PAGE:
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“Ebola Doesn’t Abide By Borders”: Ensuring Our Public Health System Is Adequately Funded And Allowed To Do Its Job Is Key

The U.S. should not implement travel restrictions on countries impacted by the Ebola crisis and here is why. The Ebola outbreak has reminded the world what public health officials have known for centuries: Infectious disease does not respect geographical borders.

There was a time when we travelled the globe in ships and across land. In those days travel took months and diseases died out or were easy to contain using quarantine measures and broad travel restrictions.

We now live in a global society during a time when the variables we are trying to compute are numerous and complex. The vast number of people traveling around the world, the speed of travel, the large number of conveyances and the presence of multiple ports of entry into our country argues for a focused, well-tested and science-based approach to reducing the risk of exposure to this highly lethal infectious disease.

I’ve just returned from South Africa with a connection through Amsterdam, Netherlands. While this is far from West Africa, I saw a system of health and customs officials on high alert looking for ill passengers, passenger screenings using temperature monitors at airports and health advisories in airports to inform passengers how to protect themselves. What I saw, in fact, was a responsive, competent public health approach at work.

Preventing travel from affected countries is an inadequate measure. Not only do we need to ensure rapid passage of people in and out of the area for response purposes, but we also need to ensure the continued flow of supplies desperately needed to address the outbreak at its source, which is the best way to break the chain of infection. With the number of people passing through airports all over the world, identifying those who could have come into contact with people from affected countries is an impossible task. Multiply this by the number of connecting flights through European or other international hubs and it becomes even harder.

While we are appropriately worried about Ebola, enterovirus-68 has sickened more than 628 people in 44 states and the District of Columbia, a severe coronavirus – the Middle East respiratory syndrome – is circulating in the Middle East and chikungunya virus has entered our country. We have many significant biological threats, and they are all managed best through proven public health measures.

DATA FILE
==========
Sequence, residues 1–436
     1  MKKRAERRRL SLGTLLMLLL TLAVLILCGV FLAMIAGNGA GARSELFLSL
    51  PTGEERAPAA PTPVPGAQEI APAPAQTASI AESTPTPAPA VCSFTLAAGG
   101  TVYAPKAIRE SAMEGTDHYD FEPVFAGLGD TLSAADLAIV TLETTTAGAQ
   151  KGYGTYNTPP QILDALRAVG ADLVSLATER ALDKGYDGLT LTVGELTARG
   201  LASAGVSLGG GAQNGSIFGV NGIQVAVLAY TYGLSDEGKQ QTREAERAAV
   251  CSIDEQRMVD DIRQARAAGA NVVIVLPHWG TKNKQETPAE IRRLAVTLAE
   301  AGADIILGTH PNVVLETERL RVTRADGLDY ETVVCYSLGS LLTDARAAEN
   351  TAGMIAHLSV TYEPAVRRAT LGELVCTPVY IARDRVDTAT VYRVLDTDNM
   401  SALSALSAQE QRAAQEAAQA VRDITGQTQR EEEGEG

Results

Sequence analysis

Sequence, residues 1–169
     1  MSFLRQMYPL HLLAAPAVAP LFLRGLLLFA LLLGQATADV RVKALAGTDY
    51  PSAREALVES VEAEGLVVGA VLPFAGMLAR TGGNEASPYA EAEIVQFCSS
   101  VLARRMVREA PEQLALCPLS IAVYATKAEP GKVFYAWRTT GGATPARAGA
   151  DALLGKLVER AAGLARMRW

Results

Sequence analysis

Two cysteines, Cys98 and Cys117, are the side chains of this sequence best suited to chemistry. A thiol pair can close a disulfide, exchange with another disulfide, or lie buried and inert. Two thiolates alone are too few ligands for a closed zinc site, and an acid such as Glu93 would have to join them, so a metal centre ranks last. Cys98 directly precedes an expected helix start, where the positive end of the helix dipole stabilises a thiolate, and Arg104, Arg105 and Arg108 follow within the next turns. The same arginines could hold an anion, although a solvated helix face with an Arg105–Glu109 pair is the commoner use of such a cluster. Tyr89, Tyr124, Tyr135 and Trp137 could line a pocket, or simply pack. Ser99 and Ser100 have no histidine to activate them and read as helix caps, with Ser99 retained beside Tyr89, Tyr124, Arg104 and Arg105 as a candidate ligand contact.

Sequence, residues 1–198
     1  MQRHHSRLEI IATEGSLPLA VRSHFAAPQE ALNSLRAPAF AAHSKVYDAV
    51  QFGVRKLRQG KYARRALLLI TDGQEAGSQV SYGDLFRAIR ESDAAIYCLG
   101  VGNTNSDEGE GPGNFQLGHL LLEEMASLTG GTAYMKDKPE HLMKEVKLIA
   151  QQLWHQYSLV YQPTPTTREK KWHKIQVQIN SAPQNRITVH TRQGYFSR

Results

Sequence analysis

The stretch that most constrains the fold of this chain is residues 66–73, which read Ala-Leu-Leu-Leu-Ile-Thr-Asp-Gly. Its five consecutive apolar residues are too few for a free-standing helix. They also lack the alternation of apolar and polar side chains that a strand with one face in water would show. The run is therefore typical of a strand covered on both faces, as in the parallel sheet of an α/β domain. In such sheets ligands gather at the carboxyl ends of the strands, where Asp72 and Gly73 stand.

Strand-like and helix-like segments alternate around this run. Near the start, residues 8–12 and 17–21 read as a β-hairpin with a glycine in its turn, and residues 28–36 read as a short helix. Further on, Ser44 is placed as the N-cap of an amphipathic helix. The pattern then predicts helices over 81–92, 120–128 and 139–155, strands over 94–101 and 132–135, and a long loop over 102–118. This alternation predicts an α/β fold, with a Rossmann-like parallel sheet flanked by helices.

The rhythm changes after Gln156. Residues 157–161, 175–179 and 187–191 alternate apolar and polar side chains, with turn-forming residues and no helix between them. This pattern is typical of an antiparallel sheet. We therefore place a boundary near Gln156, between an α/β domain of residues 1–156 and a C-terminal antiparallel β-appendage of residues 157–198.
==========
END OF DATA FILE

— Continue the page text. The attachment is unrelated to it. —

I have yet to hear calls to quarantine our borders between states while these serious diseases are already here because such a measure, of course, would be ineffective. Sound disease surveillance, case finding, monitoring and treatment is the appropriate approach. Ebola, although highly lethal, can be managed using these proven methods. We know its epidemiology, its biology and how to defeat it.

A strong, well-developed and adequately funded public health system is the key to containing Ebola and all of these other infectious threats. Unfortunately, ongoing budget cuts to the Centers for Disease Control and Prevention and other health agencies continue to put a strain on resources. Policymakers who want to be part of the solution need only to support ensuring our public health system is adequately funded and allowed to do its job.

Yes, we should screen travelers, but restricting travel is not the solution. A focused, robust and science-based public health response is.

 

By: Georges Benjamin, M.D., Executive Director, American Public Health Association; Publisher, Control of Communicable Diseases Manuel; Debate Club, U. S. News and World Report, October 10, 2014

October 13, 2014 Posted by | Congress, Ebola, Public Health | , , , , , | Leave a comment

“Ebola And The 41 Million Uninsured Americans”: Political Failure’s That Have Left Americans More Vulnerable To Deadly Diseases